occurs

when

a

in

the

premolar

area

and

one

cusp

distally

in

the

mandibular

stamp

distal

to its oppos-

molar

relationship.

This

is

a

Class

III

occlusal

ing

maxillary

stamp

cusp is placed cusp.

relationship

where

the anterior

teeth

are often

close

This

potential

cuspal

interference

is corrected

by

to an end-to-end

position.

 

moving

the

involved

maxillary

lingual

stamp

cusps

 

The

mandibular

first

premolar

buccal

stamp

cusp

slightly

mesial

and

lingually.

Conversely,

the

will

function

against

the

maxillary

canine.

The

involved

mandibular

buccal

stamp

cusps are moved

 

respective

fossae that

the other

maxillary

and mandi-

slightly

buccal

and

distally

(Figs.

15 and

16). The

bular

stamp

cusps function

in are visualized

in Figs.

amount

these

cusps

are

moved

is

established

by

13 and

14.

observing

the

idling

side

in

eccentric

position

to

628

JUNE

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VOLUME

41

NUMBER

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Fig. 15. During mesioclusion   the mandibular. stamp cusps function as indicated. Th* maxillary
Fig. 15. During mesioclusion   the mandibular. stamp cusps function as indicated. Th* maxillary
Fig. 15. During mesioclusion   the mandibular. stamp cusps function as indicated. Th* maxillary
Fig. 15. During mesioclusion   the mandibular. stamp cusps function as indicated. Th* maxillary
Fig. 15. During mesioclusion   the mandibular. stamp cusps function as indicated. Th* maxillary
Fig. 15. During mesioclusion   the mandibular. stamp cusps function as indicated. Th* maxillary

Fig. 15. During mesioclusion

 

the

mandibular.

stamp

cusps function as indicated.

Th*

maxillary

premolar

oblique

grooves

 

lead

to the

cusp tips

and will

interfere

unless corrected

as suggested in the text.

 

verify

an

adequate

clearance.

Idling

(oblique)

grooves

are also established

to allow

free travel

to the

border

position

 

for

the cusps.

 

SUMMARY

 

The

principles

of

organic

occlusion

were

illus-

trated

and

described

as neutroclusion.

Variations

of

occlusion

in

a

mesial

and

distal

position

were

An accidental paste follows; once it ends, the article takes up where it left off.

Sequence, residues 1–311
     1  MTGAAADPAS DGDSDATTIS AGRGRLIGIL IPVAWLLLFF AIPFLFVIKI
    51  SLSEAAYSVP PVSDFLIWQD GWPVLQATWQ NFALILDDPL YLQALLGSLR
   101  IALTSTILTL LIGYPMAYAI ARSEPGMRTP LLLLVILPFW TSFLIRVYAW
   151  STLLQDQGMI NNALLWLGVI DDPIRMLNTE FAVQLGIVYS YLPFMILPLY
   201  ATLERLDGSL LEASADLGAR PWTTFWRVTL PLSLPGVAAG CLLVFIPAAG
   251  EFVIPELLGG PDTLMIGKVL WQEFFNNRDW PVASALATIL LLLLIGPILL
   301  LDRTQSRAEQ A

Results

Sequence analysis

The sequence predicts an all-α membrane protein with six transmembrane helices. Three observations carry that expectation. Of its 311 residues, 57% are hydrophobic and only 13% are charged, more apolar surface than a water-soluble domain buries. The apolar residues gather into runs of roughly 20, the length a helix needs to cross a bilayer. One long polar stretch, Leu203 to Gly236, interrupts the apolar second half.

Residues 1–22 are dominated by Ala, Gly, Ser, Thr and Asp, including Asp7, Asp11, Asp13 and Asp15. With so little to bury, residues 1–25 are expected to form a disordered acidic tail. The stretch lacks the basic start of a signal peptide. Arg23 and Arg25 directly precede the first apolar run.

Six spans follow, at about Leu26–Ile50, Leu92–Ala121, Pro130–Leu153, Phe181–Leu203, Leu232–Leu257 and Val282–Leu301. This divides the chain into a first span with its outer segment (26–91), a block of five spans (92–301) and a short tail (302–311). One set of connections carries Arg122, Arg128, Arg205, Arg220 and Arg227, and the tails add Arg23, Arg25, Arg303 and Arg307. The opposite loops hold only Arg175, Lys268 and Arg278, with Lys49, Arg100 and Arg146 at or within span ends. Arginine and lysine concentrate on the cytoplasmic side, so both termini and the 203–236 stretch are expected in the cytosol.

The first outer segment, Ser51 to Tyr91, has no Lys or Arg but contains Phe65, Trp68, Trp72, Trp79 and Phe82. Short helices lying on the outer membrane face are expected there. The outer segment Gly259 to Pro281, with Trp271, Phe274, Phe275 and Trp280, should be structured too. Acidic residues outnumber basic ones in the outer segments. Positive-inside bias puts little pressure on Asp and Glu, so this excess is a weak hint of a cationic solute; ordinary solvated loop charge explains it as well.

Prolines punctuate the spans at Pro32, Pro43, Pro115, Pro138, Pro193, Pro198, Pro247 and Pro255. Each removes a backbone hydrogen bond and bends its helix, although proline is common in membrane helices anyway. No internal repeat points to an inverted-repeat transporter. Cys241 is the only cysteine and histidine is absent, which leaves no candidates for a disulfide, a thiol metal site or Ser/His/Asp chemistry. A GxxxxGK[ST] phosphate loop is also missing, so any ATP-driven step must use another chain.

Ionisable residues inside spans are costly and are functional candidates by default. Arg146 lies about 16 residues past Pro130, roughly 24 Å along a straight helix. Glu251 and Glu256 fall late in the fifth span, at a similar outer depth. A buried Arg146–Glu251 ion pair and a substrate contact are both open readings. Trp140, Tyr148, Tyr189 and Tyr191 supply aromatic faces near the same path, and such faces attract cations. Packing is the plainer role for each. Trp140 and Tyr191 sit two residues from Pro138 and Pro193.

described

as

distoclusion

and

mesioclusion.

The

potential

areas

of conflict

in

these

variations

were

described,

and

the

methods

for

correction

were

shown

so that

 

the

principles

of

organic

occlusion

would

not

be

compromised

even

in

these

varia-

tions.

Fig. 16. During mesioclusion the maxillary iingual cusps

function

premolar and oblique grooves extending frown the mcbsi,ll

fossa of the molars lead directly to cusp tips md must be corrected to eliminate interferences

as indicated.

The oblique

groove

oi

the

second

REFERENCES

1. Stuart, C. E.: What is organic occlusion. Orai

Rehabilitation

and Occlusion, University of California,

Sept

i”ii6.

2. Stuart, C. E.: The geometries of the gnathit

svsrem. Oral

Rehabilitation and Occlusion; tini\-er+ Sept. 1976.

If

California.

3. Stuart.

C. E.:

Why

dental

restorations

sixmlri

II>:XC c uupq ,J

South Calif Dent Assoc 27:198, I95!$

Refmnt requea to.

DR. FRANCIS S. JOHNSON

2780 STATE ST

SAW.\ BARBARA.C~LIF. 93105

Sm.

I1

S. JOHNSON 2780 STATE ST SAW.\ BARBARA.C~LIF. 93105 Sm. I1 ARTICLES TO APPEAR IN FUTURE ISSUES

ARTICLES

TO APPEAR

IN FUTURE

ISSUES

Fabricating

a post and

N. Beheshti, D.M.D.

core to

fit

an existing

crown

The significance

of articulator

capability.

Part II: The prevalence

of

immediate

side shift

 

Neal D. Bellanti.

D.D.S.,

M.S

and Kenneth

R. Martin.

D.M.D.

Current

concepts in cranioplasty

 

.John Beumer,

III,

D.D.S.,

M.S., David

N. Firtell,

D.D.S.,

and Thomas

A. Curtis,

D.D.5

N. Firtell, D.D.S., and Thomas A. Curtis, D.D.5 Effect of varying surface texture on bond strength

Effect of varying

surface texture

on bond

strength

of one semiprecious

and

one nonprecious

ceramo-alloy

Michael

A. Carpenter,

D.D.S.,

MS.,

and Richard

J. Goodkind,

D.M.D

M.S.

THE

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b29

Michael A. Carpenter, D.D.S., MS., and Richard J. Goodkind, D.M.D M.S. THE JOURNAL OF PROSTHETIC DENTISTRY